The ADA (American Dental Association) describes a full mouth debridement as the removal of excessive amounts of plaque and calculus/tartar that interferes with the ability of the dentist to perform a comprehensive and accurate oral evaluation.
Think of it as a first step before a proper dental exam. Technically, this is not a cleaning, but is considered a preliminary procedure to discover if there is a need for additional treatment like filling cavities or doing root canals. It is considered a definitive treatment for gingivitis (gum inflammation) or a pre-surgical treatment if the disease has progressed to severe periodontal disease.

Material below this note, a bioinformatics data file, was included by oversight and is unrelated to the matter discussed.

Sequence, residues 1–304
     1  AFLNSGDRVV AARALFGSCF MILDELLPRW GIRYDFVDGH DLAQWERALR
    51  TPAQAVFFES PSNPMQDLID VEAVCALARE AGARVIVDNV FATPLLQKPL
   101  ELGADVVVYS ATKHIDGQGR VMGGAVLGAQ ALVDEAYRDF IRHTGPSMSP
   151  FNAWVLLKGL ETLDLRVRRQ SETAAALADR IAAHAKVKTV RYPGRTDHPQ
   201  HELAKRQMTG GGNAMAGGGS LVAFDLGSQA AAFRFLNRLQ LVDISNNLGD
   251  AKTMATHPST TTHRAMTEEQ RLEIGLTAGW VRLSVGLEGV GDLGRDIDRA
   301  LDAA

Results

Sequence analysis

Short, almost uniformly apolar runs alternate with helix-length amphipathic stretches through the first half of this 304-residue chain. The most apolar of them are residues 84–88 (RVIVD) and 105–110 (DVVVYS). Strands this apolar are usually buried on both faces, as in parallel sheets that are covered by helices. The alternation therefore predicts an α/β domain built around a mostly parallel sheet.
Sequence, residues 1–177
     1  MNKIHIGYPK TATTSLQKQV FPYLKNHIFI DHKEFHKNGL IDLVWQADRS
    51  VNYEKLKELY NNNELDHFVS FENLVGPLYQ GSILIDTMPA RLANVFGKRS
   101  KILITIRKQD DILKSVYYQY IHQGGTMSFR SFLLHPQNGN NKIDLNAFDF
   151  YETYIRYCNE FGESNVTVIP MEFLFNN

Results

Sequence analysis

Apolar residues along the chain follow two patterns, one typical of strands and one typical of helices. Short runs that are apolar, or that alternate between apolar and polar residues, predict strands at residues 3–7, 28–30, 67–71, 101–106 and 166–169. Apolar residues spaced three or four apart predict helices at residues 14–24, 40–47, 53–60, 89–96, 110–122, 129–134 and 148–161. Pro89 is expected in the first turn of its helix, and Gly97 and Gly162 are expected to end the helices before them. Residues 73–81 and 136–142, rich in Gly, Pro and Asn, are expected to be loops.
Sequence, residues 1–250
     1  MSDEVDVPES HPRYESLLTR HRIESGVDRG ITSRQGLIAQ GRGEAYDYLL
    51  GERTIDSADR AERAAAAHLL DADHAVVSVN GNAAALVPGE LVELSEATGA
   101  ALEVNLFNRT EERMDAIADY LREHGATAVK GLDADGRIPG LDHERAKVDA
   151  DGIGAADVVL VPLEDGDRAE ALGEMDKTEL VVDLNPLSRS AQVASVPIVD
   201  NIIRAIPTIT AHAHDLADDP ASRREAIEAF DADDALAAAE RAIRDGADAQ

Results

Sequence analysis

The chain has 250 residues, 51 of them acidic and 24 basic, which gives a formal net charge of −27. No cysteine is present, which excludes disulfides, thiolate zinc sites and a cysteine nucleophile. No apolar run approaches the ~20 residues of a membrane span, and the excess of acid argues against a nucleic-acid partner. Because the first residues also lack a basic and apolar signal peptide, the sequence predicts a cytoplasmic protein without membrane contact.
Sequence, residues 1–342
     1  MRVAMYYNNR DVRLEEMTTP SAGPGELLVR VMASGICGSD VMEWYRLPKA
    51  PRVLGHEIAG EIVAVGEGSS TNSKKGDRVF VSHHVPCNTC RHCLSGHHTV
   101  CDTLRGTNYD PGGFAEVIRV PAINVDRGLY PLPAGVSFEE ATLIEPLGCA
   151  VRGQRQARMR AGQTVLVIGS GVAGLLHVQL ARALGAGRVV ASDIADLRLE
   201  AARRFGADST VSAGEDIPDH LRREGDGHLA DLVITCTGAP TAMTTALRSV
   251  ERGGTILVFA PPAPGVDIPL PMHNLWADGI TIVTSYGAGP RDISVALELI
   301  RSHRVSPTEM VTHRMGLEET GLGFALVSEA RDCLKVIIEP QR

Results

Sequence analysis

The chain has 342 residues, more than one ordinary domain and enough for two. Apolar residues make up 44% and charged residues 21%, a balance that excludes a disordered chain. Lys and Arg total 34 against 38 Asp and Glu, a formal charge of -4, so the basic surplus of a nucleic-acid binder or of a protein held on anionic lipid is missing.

Plaque is a soft, sticky film that forms on teeth after eating. It is composed of bacteria and bacterial by-products, regardless of what foods are eaten. The bacteria irritate the gums, which means they may bleed a bit. If not removed by regular brushing and flossing, the plaque hardens into calculus (a.k.a. tartar), a deposit somewhat like cement or lime deposits on your plumbing, that is formed from the plaque in the mouth and the minerals in saliva, and that is bad news for your teeth and gums. Unlike plaque, calculus cannot be removed by regular brushing and can only be removed by your dentist or hygienist with dental instruments.